Remembering Don Tait

By Julia Maish and Keegan Morris |

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Black and white photo portrait of Don Tait

Don Tait

Longtime WFMT program host Don Tait died in December 2023 at age 82.

Tait first signed on to WFMT in June 1972 after a stint at WNIB, and he retired from WFMT in October 2007. He served, variously, as morning and midday host, and hosted such popular series as Collector’s Item and Chicago Symphony Retrospective, among others.

The legacy of Tait’s long and distinguished tenure at WFMT continues to today.

“Don Tait was a seminal figure in the history of WFMT,” said Roger Wight, WFMT’s Head of Programming and Operations. “His vast knowledge of classical music, smart and insightful commentary, and famously, his enthusiasm for vintage recordings greatly enriched the WFMT experience for listeners. He is remembered fondly by everyone who worked with him.”

Lisa Flynn recalls watching him at work in the studio. “He’d usually not even have notes in front of him. He had all the information in his head, and he could put it into complete and articulate sentences.”

But despite this fluency, Dennis Moore remembers that “Don’s modesty was such that he seemed almost embarrassed if you were saying something complimentary about his work… ‘I just try hard’ was his motto.”

As a spokesperson for historic recordings, Don would go beyond his hosting duties and “would occasionally do these massive series on these conductors he admired: Willem Mengelberg, Bruno Walter, Leopold Stokowski,” recounts Kerry Frumkin.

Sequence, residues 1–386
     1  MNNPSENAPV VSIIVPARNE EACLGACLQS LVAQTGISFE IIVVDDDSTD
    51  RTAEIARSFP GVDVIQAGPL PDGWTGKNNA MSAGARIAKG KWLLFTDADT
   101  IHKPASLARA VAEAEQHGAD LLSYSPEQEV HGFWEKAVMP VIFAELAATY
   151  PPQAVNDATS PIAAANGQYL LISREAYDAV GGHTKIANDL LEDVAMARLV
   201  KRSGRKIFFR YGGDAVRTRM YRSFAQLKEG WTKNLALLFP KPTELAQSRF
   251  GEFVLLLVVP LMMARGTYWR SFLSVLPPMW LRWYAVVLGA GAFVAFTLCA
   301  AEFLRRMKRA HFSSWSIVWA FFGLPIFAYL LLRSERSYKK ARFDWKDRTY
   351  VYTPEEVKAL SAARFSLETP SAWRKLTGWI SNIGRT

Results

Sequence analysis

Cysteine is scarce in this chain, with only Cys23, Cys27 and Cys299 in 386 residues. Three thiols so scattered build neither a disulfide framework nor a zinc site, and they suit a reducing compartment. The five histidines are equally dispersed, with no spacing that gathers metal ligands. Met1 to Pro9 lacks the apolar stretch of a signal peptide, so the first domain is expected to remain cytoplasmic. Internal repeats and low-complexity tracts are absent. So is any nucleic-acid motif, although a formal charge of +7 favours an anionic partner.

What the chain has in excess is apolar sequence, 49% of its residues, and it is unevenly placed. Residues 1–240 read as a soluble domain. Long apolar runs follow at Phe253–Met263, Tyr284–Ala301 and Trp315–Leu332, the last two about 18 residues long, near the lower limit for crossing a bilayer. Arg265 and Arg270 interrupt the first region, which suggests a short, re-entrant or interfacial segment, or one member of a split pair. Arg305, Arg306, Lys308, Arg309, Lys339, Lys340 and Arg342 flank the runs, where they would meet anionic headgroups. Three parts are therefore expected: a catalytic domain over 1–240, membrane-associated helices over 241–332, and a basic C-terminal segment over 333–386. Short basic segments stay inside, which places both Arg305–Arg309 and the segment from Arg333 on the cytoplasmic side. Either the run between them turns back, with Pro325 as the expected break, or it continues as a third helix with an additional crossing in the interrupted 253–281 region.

Louise Frank attests that “his passion for vintage recordings was so great. I think he told me he bought a house and had to have the floors reinforced to accommodate the weight of his record collection.”

Tait will also be remembered as a kind and welcoming colleague and host.

Frumkin remembers that, when he first arrived at the station in 1976, “Don was one of the most welcoming folks around. He was on the shift right before mine, so we got to make the transition together. He always liked to make it as warm and friendly as possible. He was amazing on the air.”

Don Tait, in blue, and Peter van de Graaff, in white, pose together

Don Tait and Peter van de Graaff at Don’s retirement celebration, October 2007

Flynn agrees. “He was an incredible storyteller on the air. That always came across.”

“He had a great love for the past while being very present,” describes Frank. “He was completely serious about the music, but also effervescently joyful. He loved this artform.”

“He was an ardent fan of what WFMT has been about since the beginning,” expresses Moore. “He roundly embraced the motto ‘Never underestimate the intelligence of your audience.’ He never talked under or over the audience.”

“He programmed with a wide dynamic range,” Frank continues. “He played vocal music, orchestral music, these incredible sounds of the past. All expecting that our listeners would join him in the excitement and passion he had for the music. And he was absolutely right.”